Discussion in 'US Coins Forum' started by Mark Metzger, Jun 7, 2022.
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I would gladly send it in for grading and take you up on your bet; however, the dealer who I piggyback my submissions with just sent a batch in and doesn’t have plans to submit again for a while.
Ok, well, we shall see, when it gets graded. I hope, for your sake, that it is mid grade MS, as that makes it a $200-225 dollar coin.
Sorry but this is just a crock. Just because a coin is "an obvious candidate for submission" doesn't mean that anyone ever did. My siblings and cousins all have similar coins as mine from grandpa and none of them have seen the light of day for 80 years. You simply cannot claim that any nice looking coin has to have been submitted for grading.
The photographs of the coin are nice and sharp but the lighting is a little funny. Still, I think you have the presumption right. A coin like this coming into a TPG is going to be heavily scrutinized for the reasons aforestated. But the verdict is going to hinge on whether it's market acceptable, and that I don't believe we can adequately judge from these photographs.
Having said that, "back in the day," I had 14-year-old kids in my coin club who could spot a dipped coin in a coin shop ten feet away. Or at least five feet away, lol. My point is, the unscrupulous dealers dipped out toning (a.k.a., environmental damage), then. Today, the unscrupulous dealers dip it in. That's why most Morgan Dollars were indeed dipped, at one point or another. Same can be said on a lot of older, tarnished silver. You put those 14-year-old kids in the grading rooms and 90% or better of these silver coins are body bagged.
Given the lighting in the photographs could be better and the grading standard of market acceptability, I have to lean toward, send it off. If they know what they're doing, they're going to judge it on the evidence, on acceptability standards for their market, and not dismiss it out of hand, again, for the reasons aforestated. Then, again, they could be dopes, in which case he winds up with expensive plastic and a coin that wasn't given fair treatment.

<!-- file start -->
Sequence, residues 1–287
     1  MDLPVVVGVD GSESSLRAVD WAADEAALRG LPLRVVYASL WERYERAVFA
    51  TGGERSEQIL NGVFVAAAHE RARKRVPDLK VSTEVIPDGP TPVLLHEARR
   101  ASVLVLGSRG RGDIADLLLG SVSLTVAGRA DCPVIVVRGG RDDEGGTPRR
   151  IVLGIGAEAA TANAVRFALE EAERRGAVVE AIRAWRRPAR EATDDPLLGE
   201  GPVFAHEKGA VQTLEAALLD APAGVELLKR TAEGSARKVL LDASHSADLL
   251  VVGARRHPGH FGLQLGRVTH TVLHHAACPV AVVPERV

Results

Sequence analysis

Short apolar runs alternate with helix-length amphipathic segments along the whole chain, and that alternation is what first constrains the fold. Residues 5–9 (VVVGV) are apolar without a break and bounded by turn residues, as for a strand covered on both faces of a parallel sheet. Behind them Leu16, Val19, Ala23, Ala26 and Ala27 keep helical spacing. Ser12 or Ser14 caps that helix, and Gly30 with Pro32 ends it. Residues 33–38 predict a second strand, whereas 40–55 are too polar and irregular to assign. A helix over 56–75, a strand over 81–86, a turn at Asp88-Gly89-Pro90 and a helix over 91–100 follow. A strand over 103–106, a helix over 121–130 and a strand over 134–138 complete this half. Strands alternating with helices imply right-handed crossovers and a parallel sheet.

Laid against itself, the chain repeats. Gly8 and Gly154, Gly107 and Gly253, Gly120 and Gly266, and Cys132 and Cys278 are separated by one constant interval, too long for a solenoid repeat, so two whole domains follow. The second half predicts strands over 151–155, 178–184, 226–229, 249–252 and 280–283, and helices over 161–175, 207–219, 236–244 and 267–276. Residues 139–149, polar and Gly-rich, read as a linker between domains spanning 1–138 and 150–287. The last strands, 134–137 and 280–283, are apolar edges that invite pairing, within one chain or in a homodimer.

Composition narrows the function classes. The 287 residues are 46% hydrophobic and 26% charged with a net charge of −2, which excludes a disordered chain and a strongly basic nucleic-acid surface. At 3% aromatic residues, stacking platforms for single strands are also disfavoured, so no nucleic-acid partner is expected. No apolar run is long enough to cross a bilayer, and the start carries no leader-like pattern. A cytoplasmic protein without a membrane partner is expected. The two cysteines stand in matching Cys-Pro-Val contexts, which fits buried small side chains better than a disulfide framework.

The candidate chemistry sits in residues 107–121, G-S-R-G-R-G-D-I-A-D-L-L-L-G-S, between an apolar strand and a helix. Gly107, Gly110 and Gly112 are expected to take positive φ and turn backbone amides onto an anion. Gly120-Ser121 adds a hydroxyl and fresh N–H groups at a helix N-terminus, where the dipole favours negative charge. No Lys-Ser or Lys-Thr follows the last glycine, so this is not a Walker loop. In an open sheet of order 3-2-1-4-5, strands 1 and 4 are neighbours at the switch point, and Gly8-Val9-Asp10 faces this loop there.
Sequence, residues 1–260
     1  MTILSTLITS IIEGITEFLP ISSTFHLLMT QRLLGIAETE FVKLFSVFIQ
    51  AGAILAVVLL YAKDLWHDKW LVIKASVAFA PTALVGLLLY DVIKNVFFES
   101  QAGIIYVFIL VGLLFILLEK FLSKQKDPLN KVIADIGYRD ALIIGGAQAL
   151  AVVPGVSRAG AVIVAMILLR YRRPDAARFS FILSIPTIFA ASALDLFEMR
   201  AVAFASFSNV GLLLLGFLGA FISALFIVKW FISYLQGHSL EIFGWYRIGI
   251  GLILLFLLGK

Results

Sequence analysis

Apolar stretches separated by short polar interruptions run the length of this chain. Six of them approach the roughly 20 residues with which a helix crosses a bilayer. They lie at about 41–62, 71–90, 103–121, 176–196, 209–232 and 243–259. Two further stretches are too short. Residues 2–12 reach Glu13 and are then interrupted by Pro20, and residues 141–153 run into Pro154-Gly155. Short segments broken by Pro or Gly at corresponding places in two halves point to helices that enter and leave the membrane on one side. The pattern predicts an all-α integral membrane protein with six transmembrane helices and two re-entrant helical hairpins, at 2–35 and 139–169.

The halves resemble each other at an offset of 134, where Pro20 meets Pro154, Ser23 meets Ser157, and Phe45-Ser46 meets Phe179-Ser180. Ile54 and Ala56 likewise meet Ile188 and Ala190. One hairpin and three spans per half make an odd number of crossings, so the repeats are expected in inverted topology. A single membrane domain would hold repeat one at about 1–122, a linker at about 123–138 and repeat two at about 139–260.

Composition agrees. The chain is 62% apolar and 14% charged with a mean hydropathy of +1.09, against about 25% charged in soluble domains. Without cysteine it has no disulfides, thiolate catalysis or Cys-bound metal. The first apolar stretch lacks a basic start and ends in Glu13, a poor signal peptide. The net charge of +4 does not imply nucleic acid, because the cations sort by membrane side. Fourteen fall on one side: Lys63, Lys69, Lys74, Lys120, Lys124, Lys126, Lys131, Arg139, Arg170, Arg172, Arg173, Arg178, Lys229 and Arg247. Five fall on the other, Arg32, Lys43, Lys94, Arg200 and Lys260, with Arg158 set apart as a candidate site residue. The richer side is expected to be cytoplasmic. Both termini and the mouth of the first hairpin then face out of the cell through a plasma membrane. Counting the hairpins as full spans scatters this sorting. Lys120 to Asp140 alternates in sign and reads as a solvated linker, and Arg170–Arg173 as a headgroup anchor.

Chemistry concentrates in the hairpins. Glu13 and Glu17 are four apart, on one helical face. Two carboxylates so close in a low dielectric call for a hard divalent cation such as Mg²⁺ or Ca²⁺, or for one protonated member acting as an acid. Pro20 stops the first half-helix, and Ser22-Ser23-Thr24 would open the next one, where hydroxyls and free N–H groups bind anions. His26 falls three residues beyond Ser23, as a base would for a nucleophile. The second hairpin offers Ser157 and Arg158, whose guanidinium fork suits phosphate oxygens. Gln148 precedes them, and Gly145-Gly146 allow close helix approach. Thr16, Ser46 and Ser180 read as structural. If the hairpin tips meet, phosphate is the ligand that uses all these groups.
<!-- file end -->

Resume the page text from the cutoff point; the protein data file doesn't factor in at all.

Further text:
@Mark Metzger I would have it graded either by NGC or PCGS, but I would wait until you have other "worthy" coins to send in also so as to spread out the cost of the fees/shipping/insurance; alternatively, you could go with ANACS just to get it holdered and see if it would straight grade as they are the least costly overall, OR, if you're in a mind to sell it for a profit, send it in to Great Collections as they take care of the grading (at a discount) and ALL shipping and insurance fees to and from to TPG.
I’ve never used great collections but their service seems perfect for this case. Thanks for the recommendation!
Those photos are in no way comparable. The lighting in the OP's photos is harsher, and they're in focus, showing every hit in fine detail.
The photo from the OP that gives me most concern is the second-to-last obverse photo:
I see what look like parallel scratches parallel to a line from 10:00 to 4:00. I don't know how prominent they are, but the lighting in this shot is coming from 1:00 or 7:00, perfectly positioned to highlight them.
Magnified photos of dimes often make things look worse than they are. I don't know whether these scuffs will be enough to detail the coin, but I'd certainly expect them to keep it out of gem territory.
But I see what looks like strong luster in the fields, and I don't see shadows around the devices, which I'd expect to see if the whole thing had been polished. It might have been scrubbed, or it might have slid across a dirty counter or two.
I very much wish I could see the coin in person. Since I can't, I'd love to see what a TPG makes of it. (Especially since it's not my money being spent on grading, of course! )
You mean, any nice looking coin, with cleaning marks all over it?
Those comp photos are horrible. They look like they were taken through a fish tank. My photos are super high resolution and show EVERY detail of the coin.
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